A film important to and influential in the flower-power late ’60s, Easy Rider now seems like a narcissistic hodgepodge of travelogue and passion play. New Orleans–bound bikers Billy (Hopper) and Wyatt (Fonda) aren’t stand-ins for a generation so much as zeitgeist-fashioned shadow puppets, empty vessels peddling discontent and martyrdom. Hopper’s offscreen transformation from stoned longhair to retirement-fund shill is an instructive parallel in that there ultimately appears to be little difference between his two “characters.” In life (both real and reel), he didn’t betray Easy Rider’s principles so much as retool them to a prevailing populace’s clean-and-sober desires.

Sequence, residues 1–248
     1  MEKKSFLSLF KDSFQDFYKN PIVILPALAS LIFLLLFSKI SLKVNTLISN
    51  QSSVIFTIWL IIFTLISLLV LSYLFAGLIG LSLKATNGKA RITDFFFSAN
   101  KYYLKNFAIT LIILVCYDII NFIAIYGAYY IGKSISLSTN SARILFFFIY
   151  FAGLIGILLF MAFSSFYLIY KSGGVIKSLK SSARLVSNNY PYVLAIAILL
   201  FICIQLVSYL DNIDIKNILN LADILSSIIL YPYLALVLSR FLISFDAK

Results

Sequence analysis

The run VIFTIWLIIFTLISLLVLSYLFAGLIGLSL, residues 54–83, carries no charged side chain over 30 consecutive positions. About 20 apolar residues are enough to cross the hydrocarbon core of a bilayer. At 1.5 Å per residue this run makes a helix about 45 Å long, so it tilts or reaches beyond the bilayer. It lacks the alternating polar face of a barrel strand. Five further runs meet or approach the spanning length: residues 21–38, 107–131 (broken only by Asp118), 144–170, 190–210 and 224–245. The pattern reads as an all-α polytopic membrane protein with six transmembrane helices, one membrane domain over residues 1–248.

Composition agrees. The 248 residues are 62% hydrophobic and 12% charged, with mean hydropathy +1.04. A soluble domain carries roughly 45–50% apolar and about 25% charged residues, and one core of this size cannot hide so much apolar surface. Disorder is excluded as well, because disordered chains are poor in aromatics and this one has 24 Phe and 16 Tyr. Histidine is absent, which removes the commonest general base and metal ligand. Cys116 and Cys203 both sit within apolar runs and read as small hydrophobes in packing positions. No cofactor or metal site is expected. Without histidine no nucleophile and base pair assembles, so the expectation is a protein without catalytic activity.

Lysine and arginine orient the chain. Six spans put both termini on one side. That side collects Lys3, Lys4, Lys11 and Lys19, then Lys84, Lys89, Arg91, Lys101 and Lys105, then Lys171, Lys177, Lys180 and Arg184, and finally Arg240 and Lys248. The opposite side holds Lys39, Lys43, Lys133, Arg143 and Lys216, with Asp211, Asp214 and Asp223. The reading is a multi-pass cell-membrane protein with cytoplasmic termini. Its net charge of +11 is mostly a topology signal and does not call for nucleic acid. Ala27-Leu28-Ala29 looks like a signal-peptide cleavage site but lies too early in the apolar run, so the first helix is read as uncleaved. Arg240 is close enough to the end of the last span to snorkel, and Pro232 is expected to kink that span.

What the film’s principles are is anyone’s guess—there’s ambiguity and then there’s Easy Rider’s brand of acid-addled obscurity. On-the-road musical montages alternate with often-improvised dialogue sequences, all to monotonous and unenlightening effect. Alcoholic lawyer George Hanson (Nicholson, in a performance too showy for its own good) voices cheap nostalgia for America’s supposedly long-lost golden days. And Wyatt’s presumptive, much-dissected summation, “We blew it,” is the mock-repentant downer popped to counter the film’s stylistic and thematic excesses. All this just moments before a couple of gun-totin’ rednecks raise an otherwise derivative junkie’s tale to the fire-and-brimstone level of myth.